Hurricane Floyd Symposium

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					Hurricane Floyd Symposium
       September 17 & 18, 2009

      Summary Report

This document was composed and designed by graduate students Michelle Covi, Hillary
Huffer, Benjamin Anderson, and S. Daniel Siepert, with help from Dr. Donna Kain.
Forward............................................................................................................................................. 4
Keynote Speakers ............................................................................................................................ 5
Public Forum (Day 1)
Introduction and Welcome................................................................................................................ 6
Increasing Disaster Awareness and Preparedness in Disadvantaged Communities ..................... 7
Human Dimensions of Hurricane Floyd ........................................................................................... 8
Keynote: Governor Jim Hunt ............................................................................................................ 9
Emerging Technology for Hazards Risk Reduction ....................................................................... 10
Faces from the Flood...................................................................................................................... 11
Dinner Speaker: The Honorable Richard Moore ............................................................................ 11
Research Conference (Day 2)
Facing Disaster: Forecasting and Assessing Floyd and Its Impacts on NC .................................. 12
Back to the Future: Satellite Precipitation as a Tool to Reanalyze Floyd and Forecast
     Probabilities of Extreme Rainfall ........................................................................................... 12
Changes in Flood Characteristics after a Major Event: Re-evaluating the Effect of
    Floyd on Future Flood Response .......................................................................................... 13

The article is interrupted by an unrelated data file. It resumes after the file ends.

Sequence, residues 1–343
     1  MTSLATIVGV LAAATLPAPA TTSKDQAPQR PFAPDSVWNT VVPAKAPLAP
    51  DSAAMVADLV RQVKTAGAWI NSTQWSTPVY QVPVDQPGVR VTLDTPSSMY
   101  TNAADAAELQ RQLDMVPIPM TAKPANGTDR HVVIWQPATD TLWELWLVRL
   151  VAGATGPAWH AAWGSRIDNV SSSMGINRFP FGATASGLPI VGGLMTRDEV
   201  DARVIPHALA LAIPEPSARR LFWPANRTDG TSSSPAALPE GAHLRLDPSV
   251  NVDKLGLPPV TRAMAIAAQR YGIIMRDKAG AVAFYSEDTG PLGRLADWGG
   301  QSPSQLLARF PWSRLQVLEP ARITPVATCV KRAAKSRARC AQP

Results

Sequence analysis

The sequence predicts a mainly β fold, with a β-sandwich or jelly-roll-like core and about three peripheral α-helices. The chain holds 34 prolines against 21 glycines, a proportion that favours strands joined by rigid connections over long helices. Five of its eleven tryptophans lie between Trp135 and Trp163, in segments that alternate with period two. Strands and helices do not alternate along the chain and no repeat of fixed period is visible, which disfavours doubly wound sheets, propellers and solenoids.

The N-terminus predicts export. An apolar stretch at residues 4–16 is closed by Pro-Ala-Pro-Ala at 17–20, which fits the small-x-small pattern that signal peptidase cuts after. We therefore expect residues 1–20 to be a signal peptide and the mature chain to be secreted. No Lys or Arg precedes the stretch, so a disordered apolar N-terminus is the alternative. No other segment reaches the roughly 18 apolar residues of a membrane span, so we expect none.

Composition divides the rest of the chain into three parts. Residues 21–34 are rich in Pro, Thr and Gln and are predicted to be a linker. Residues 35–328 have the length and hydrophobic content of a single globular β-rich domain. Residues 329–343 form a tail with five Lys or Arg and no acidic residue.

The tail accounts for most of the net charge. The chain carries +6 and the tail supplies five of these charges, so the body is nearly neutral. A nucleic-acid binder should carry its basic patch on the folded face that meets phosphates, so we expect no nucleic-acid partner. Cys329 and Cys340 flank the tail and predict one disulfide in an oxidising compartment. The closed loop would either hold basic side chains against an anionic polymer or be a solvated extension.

Flood of the Century: Extraordinary Hydrometeorological Event or
     Human-Induced Catastrophe? .............................................................................................. 13
Material Transport in Coastal NC following Hurricanes: A Remote-Sensing Perspective ............ 14
African Easterly Waves and Rainfall Variability in Niger during the 2006 AMMA
      Field Campaign ..................................................................................................................... 14
CI-FLOW: Evaluating New Technologies for Accurate and Timely Identification of Inland
     and Coastal Floods in the Tar-Pamlico and Neuse River Basins of Coastal NC ................. 15
Prototyping a Hurricane-Flood-Landslide-Continuum Prediction System:
     A CI-FLOW Contribution ....................................................................................................... 15
Keynote: Charting the Course ........................................................................................................ 16
Flood Insurance Coverage in Dare County: Before and After Floyd ............................................. 17
Property Values and Flood Risk: What Happens to Premiums over Time? .................................. 17
Home-Buyer Sentiment and Hurricane Landfalls........................................................................... 17
Hurricanes and Homeowner Decision-Making............................................................................... 18
Severe Weather-Related Risk and Emergency Communication in Coastal Communities ........... 18
A Methodology to Inject Sea-Level-Rise-Enhanced Storm Surge Modeling into the
     Long-Range Comprehensive Plans of Coastal Communities .............................................. 19
Fatal Tradeoff? Toward a Better Understanding of the Costs of Not Evacuating from
      a Hurricane ............................................................................................................................ 19
Preserving Assets in Low-Income Communities Affected by Disaster .......................................... 20
Trauma Written in Plywood and Flesh: Hurricane Graffiti, Post-Katrina Tattoos, and
     the Value of Narratives to Hazards Research ...................................................................... 20
Hurricane Floyd Symposium

           Dr. Jamie Kruse, Director, ECU Center for Natural Hazards Research
On the morning of Thursday, September 16, 1999, Hurricane Floyd made landfall at the mouth of the Cape
Fear River. Rains associated with Hurricanes Dennis, Floyd, and Irene resulted in extensive flooding over
a two-month period in eastern North Carolina, with most river basins exceeding the 500-year flood level.